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August 13th, 2013 By German Lopez | News | Posted In: News, Police

Sycamore Township Man Dies After Police Struggle

Deputies deployed Taser during confrontation

sheriff

A Sycamore Township man died overnight after the Hamilton County Sheriff’s Office used a Taser to subdue him during a brief struggle.

While responding to a 911 call, deputies found Gary Roell, 59, half-clothed and smashing windows behind a resident’s home, according to the police report. When deputies ordered Roell to the ground, he charged at them and punched one of the officers in the face. The deputies then shot Roell on the back with a Taser to physically restrain and handcuff him.

After he was taken into custody, Roell began having labored breathing, and emergency medical services were called, the report reads. But before ambulances arrived, Roell stopped breathing. Despite attempts by deputies to revive Roell with CPR, he was pronounced dead upon reaching the hospital.

Roell reportedly suffers from bipolar depression and schizophrenia, which can lead to a distorted view of reality.

He had apparently stopped taking his medication.

Two key facts remain unknown: whether the Taser led to Roell’s death and how many times the Taser was actually used. Jim Knapp, spokesperson for the Hamilton County Sheriff’s Office, says those issues will be investigated by the Hamilton County Sheriff’s Criminal Investigative Section and the Hamilton County Coroner’s Office.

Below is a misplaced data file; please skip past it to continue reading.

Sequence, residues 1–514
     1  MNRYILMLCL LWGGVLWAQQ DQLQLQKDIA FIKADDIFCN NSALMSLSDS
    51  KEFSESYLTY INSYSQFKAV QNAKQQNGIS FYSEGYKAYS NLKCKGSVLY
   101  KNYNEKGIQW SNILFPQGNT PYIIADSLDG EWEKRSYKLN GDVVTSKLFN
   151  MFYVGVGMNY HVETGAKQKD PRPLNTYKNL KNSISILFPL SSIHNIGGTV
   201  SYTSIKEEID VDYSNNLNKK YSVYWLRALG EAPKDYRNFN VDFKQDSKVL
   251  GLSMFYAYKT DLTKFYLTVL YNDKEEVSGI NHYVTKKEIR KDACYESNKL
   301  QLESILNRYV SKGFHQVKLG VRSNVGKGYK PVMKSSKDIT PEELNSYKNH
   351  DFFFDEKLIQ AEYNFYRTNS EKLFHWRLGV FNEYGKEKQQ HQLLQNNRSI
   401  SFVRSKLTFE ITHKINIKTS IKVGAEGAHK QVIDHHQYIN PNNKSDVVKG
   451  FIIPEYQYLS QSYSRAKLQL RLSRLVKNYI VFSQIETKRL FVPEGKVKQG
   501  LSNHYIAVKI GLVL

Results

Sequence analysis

Hamilton County Sheriff Jim Neil says the officers followed protocol, given Roell’s violent behavior and actions.

For some, the question is whether police protocol is correct in the first place. Advocacy group Amnesty International has been asking police departments around the country to scrutinize standards for deploying a Taser.

A 2012 report from Amnesty International found at least 500 people died in the United States between 2001 and 2012 after being shocked with Tasers during their arrests or while in jail. On average, that’s nearly four deaths around the country each month.

But if officers don’t use Tasers, they must resort other non-lethal tools, such as pepper spray or a baton, that require getting closer to a target. That, police experts argue, could lead to more injuries.

 
 
 
 
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